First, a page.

The interpretation of Locke's Two Treatises in Britain, 1778-1956
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This paper describes how Locke's Two Treatises of Government was read in Britain from Josiah Tucker to Peter Laslett. It focuses in particular upon how Locke's readers responded to his detailed and lengthy engagement with the patriarchalist political thought of Sir Robert Filmer. In the second half of the eighteenth century, the debate between Locke and Filmer continued to provide the framework within which political obligation was discussed. A hundred years later that had changed, to the point where Locke's readers found it unintelligible that he argued against Filmer and not Hobbes. I explain this in terms of the development in nineteenth century Britain of a new conception of the history of political philosophy, the product of interest in the Hegelian theory of the state. The story told here is offered as one example of how understandings of the history of philosophy are shaped by understandings of philosophy itself.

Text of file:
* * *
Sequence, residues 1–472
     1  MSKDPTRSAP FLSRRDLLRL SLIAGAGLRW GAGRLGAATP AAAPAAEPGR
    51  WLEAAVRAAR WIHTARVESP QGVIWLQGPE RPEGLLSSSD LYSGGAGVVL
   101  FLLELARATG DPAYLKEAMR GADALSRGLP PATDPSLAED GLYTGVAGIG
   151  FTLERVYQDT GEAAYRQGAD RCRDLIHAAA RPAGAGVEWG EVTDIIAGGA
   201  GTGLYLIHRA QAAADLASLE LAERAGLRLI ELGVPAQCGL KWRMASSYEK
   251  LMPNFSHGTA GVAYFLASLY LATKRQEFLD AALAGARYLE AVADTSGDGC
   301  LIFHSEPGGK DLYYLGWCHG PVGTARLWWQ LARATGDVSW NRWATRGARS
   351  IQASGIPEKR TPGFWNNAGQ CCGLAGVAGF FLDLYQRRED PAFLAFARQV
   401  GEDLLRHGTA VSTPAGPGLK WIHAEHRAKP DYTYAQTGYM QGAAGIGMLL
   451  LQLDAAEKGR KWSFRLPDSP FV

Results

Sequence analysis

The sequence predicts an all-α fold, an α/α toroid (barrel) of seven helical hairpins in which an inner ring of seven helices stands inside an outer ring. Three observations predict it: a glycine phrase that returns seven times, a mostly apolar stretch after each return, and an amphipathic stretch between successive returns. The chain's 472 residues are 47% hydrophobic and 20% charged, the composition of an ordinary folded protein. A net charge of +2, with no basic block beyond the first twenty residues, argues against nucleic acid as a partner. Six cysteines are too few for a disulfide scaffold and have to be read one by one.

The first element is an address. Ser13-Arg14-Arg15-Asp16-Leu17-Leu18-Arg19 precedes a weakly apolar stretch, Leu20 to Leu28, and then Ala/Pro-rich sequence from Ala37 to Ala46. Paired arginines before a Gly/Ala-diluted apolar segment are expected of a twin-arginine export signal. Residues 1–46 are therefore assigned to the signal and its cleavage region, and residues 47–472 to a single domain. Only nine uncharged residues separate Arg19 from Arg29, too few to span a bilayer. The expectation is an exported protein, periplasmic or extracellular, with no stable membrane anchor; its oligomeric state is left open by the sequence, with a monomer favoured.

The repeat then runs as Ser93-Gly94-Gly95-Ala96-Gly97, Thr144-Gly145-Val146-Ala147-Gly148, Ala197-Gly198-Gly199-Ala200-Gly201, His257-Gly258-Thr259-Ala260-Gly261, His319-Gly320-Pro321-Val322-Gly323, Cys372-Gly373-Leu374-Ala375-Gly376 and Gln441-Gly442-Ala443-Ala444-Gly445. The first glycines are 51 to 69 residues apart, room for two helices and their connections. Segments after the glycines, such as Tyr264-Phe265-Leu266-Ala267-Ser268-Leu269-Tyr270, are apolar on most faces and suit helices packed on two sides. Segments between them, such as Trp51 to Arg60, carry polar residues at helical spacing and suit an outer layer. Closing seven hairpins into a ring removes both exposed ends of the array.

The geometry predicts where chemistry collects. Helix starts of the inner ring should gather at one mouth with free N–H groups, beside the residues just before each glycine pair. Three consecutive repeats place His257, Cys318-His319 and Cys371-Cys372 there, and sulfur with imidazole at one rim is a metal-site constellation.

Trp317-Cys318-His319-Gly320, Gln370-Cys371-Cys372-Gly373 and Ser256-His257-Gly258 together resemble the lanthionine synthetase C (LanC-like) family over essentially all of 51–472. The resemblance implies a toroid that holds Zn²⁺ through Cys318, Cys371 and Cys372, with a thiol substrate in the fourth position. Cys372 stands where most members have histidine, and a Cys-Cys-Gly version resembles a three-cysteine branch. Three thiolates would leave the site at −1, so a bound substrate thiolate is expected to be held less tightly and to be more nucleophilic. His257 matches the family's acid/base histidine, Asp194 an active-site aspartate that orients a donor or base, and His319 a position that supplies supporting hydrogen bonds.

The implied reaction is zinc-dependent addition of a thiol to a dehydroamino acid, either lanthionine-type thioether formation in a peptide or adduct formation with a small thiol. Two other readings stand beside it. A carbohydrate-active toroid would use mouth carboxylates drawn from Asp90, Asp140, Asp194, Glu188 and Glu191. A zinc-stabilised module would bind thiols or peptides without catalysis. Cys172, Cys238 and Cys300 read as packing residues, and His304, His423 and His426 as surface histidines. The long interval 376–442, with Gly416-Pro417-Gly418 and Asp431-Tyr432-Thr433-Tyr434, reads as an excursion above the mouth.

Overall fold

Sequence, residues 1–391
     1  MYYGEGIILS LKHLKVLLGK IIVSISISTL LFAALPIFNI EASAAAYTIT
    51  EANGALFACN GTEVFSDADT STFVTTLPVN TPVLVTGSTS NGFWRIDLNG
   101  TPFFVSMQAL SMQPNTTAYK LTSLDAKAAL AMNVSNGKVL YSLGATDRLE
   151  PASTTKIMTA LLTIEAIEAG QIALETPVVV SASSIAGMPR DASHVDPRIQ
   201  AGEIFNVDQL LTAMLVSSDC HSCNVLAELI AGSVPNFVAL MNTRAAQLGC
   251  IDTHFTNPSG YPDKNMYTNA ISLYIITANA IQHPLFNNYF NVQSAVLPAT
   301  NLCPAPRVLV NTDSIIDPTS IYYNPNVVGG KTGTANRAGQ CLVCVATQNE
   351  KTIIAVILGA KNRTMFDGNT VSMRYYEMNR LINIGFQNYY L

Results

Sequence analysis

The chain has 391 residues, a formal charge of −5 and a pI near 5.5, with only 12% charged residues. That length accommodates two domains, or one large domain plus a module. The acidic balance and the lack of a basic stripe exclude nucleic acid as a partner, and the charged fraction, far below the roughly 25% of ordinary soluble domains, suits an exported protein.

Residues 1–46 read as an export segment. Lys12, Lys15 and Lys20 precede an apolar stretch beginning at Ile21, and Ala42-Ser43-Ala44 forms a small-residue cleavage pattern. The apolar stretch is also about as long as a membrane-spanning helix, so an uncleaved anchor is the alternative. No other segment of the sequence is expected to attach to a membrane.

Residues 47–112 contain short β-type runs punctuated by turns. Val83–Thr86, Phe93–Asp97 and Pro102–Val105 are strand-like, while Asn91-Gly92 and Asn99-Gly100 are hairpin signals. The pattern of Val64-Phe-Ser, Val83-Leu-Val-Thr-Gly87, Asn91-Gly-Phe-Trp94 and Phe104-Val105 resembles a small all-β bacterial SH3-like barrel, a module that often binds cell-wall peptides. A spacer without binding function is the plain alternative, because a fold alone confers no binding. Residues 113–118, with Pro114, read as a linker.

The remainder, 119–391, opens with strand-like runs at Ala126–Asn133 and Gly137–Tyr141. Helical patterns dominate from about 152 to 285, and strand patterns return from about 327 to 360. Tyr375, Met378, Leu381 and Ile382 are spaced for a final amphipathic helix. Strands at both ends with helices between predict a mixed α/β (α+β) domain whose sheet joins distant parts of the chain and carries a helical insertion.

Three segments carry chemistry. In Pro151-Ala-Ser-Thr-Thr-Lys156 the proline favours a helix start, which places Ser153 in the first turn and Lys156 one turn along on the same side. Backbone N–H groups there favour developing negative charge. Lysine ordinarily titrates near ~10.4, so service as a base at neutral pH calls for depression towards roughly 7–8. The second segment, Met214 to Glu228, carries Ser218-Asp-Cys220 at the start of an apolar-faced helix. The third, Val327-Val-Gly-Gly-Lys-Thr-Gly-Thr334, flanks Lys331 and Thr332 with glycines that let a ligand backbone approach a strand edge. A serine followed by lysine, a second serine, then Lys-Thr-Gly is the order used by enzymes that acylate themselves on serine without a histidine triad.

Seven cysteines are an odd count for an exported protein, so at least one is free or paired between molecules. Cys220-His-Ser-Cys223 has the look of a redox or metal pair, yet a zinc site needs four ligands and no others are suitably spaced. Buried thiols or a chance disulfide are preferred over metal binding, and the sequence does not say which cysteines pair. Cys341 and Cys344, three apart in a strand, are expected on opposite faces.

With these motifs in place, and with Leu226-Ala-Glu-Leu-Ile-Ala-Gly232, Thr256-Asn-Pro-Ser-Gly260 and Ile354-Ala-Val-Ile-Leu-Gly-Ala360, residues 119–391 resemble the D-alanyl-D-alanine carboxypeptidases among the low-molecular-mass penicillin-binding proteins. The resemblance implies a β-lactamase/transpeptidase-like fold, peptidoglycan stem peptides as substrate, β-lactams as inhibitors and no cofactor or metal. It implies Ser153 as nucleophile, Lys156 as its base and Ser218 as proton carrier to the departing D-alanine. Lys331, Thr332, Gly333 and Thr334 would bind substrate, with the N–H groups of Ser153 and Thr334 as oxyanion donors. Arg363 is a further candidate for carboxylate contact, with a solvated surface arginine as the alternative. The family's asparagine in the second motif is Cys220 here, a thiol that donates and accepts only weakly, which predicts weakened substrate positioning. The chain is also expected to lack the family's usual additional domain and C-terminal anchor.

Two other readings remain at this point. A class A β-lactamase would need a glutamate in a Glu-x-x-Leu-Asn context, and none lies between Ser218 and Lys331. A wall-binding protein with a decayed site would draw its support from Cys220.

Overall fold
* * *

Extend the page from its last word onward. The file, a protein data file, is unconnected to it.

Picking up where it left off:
Harris , J A 2020 , ' The interpretation of Locke's Two Treatises in Britain, 1778-1956 ' , British Journal for the History of Philosophy , vol. 28 , no. 3 , pp. 483-500 . https://doi.org/10.1080/09608788.2019.1677215
British Journal for the History of Philosophy
Copyright © 2019 Taylor & Francis. This work has been made available online in accordance with publisher policies or with permission. Permission for further reuse of this content should be sought from the publisher or the rights holder. This is the author created accepted manuscript following peer review and may differ slightly from the final published version. The final published version of this work is available at https://doi.org/10.1080/09608788.2019.1677215